Lecture 2 – Offer & Acceptance Principles of contract law:
Formation - How a Contract is Made
Terms - The Substance of Contract
Vitiating Factors - Factors which Undermine a Contract
Discharge - How a contract is fulfilled or ended
Remedies - The Cures for a Breach of Contract
For a contract to be legally binding, it has to fulfill 4 key elements: 1. Offer 2. Acceptance 3. Consideration 4. Intention to create legal intentions A. TYPES OF CONTRACT (pg 60) • Simple Contacts o Written o Oral • Special Contracts o Contracts by deed or contracts under seal o Always in writing o Written document is called a deed o Contracts under seal do not require consideration to ...view middle of the document...
g. If offer is sent on Mon and it reaches offeree on Wed, the offer is deemed to be made on Wed. o Offeree must be aware of the existence & terms of the offer E.g If you found the dog & returned to owner, but didn’t know that owner offered a reward, you do not know of the offer o When offeree knows of the offer, his motive for acceptance is irrelevant – Williams v Carwardine (1833) - Therefore still entitled to the reward o Two identical cross offers do not ordinarily make a contract – Tinn v Hoffman & Co (1873) - Cross offer implies a lack of consensus or meeting of minds between the parties at the time of making the offers ( pg 68 ) Unilateral Contract (pg 63) Unilateral contact is one that is brought into existence by the act of one party in response to a conditional promise by another ( anyone can accept the offer ) Carlill v Carbolic Smoke Ball Co (1892) b. Offer can be addressed to one particular person, a group of people or to everyone ( made to the whole world )Although offer is made to the world, the contract is made with that limited portion of the public who came forward and perform the condition on the faith of the advertisement ( held in case ) c. Offeror may not know the offeree’s identity d. Only offeror makes a conditional promise e. Upon acceptance ( by performing condition attached to the offeror’s promise ), unilateral contract is formed Bilateral Contract (pg 63) In a bilateral contract, parties would know the identities of each other and there is an exchange of promises a. Offeror makes an offer to the known offeree b. Parties know each other’s identity c. Exchange of promises d. Upon acceptance ( by communication ), bilateral contract is formed Sometimes, invitations to treat and provisions of information can be mistaken as offers … B)i) Invitation to Treat (pg 64) • An invitation to treat is an invitation to commence negotiations, it is an invitation to make an offer (1) Mere puffs /advertisements # Web advertisements - May not be simply construed as invitations to treat - Web ads that use “loose language” may create unilateral contracts that can bind the advertiser Chwee Kin Keong & Others v Digilandmall.com Pte Ltd (2004) ETA Act 2010 S14: A proposal to conclude a contract made through one or more electronic communications which is not addressed to one or more specific parties, but is generally accessible to parties making use of information systems, including a proposal that makes use of interactive applications for the placement of orders through such information systems, is to be considered as an invitation to make offers, unless it clearly indicates the intention of the party making the proposal to be bound in case of acceptance Default rule: “Offer” of goods/services via the Internet will only be considered as an invitation to treat, unless the offeror makes it clear that he intends to be bound by it.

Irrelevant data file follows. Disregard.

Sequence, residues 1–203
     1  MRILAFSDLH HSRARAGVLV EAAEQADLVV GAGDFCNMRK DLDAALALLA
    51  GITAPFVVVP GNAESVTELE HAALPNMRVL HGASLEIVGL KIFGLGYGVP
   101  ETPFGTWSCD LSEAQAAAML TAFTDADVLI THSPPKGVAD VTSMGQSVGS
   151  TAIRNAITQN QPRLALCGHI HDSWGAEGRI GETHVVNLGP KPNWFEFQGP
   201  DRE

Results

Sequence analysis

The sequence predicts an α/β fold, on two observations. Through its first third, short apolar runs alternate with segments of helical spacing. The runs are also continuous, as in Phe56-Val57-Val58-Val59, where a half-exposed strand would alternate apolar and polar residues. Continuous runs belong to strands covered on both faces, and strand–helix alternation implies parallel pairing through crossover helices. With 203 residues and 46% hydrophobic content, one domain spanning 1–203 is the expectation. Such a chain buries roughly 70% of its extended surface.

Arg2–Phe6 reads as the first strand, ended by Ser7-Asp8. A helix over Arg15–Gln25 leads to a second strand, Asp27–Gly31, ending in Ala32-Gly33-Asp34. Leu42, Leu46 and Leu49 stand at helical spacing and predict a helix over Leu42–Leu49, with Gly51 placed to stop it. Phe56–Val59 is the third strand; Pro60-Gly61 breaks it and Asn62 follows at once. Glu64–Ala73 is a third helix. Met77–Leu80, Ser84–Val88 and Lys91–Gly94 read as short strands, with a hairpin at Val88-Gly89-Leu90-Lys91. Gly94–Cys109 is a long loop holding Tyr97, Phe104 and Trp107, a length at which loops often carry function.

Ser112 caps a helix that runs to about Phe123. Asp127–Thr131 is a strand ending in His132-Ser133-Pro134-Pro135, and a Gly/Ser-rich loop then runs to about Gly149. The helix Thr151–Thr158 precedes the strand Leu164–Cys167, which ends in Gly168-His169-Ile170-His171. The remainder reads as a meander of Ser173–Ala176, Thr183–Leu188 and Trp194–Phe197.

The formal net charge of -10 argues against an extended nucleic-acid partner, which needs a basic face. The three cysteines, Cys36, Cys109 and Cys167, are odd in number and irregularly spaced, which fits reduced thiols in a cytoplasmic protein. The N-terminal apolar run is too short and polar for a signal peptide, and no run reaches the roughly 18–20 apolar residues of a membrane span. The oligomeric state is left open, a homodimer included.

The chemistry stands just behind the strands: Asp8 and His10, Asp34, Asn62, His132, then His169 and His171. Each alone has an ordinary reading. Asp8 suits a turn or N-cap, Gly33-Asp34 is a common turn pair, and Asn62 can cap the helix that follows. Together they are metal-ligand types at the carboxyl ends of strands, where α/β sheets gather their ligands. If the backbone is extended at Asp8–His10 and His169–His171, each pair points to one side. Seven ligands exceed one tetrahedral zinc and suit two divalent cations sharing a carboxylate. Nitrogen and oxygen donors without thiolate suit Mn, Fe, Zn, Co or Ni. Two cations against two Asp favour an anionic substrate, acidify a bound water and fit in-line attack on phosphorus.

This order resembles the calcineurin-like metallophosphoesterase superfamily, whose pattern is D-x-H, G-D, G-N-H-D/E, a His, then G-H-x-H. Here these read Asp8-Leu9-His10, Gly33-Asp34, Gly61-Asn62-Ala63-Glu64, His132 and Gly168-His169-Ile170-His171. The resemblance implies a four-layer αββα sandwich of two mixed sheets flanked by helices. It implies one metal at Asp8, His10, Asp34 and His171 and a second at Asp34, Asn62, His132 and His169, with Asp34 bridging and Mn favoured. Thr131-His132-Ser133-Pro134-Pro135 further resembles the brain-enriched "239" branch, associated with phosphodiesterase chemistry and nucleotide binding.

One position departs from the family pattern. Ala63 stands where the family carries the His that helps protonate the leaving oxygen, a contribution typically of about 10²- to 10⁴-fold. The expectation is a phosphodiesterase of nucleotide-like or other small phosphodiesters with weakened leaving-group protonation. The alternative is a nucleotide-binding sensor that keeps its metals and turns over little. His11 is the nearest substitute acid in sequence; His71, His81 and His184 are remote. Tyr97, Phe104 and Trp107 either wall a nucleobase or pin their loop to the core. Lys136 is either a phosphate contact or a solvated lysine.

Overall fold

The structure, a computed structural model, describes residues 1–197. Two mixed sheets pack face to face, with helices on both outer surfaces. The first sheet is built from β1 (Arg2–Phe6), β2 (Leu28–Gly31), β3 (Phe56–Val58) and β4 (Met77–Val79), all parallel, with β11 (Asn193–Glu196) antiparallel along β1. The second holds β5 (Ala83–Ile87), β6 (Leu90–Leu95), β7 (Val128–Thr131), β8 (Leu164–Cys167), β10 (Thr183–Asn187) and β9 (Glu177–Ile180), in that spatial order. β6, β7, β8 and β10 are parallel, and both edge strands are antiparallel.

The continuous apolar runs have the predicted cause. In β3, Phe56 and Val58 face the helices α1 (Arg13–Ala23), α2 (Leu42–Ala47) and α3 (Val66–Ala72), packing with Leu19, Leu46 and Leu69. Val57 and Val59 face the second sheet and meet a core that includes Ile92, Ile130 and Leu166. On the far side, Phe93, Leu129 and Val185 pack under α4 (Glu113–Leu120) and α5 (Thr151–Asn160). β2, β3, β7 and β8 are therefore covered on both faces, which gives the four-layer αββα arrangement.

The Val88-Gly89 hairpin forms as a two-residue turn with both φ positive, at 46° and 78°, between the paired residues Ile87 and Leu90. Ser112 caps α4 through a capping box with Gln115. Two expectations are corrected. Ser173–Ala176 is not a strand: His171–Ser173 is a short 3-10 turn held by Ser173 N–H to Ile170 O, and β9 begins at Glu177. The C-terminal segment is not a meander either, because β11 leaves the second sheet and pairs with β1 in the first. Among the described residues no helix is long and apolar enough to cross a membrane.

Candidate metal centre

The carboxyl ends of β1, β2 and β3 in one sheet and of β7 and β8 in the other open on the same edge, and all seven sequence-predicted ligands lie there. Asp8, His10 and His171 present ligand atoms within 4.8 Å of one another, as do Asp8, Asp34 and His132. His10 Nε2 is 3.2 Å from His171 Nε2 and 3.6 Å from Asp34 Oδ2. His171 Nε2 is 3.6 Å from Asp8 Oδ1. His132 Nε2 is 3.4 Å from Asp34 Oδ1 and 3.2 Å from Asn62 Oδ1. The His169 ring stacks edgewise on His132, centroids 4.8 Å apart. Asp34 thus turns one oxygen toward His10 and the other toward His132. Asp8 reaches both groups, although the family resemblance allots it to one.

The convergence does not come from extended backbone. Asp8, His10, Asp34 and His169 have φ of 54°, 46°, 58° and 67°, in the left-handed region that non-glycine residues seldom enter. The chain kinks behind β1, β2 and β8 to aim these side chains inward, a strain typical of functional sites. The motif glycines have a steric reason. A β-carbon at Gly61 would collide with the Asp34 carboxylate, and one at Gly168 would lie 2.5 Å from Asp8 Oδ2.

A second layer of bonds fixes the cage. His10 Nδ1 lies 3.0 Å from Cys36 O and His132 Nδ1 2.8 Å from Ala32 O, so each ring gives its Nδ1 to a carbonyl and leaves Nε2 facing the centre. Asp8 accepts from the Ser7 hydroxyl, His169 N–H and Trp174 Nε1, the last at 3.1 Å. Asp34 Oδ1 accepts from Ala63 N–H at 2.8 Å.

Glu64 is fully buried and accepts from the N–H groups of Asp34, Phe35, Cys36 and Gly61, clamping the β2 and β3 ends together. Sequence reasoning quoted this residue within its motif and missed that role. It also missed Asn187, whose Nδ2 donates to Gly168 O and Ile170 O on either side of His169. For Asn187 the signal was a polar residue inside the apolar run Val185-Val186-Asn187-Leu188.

(2) Shop displays with prices : Offer is only made when customer selects the item and pays for it at the...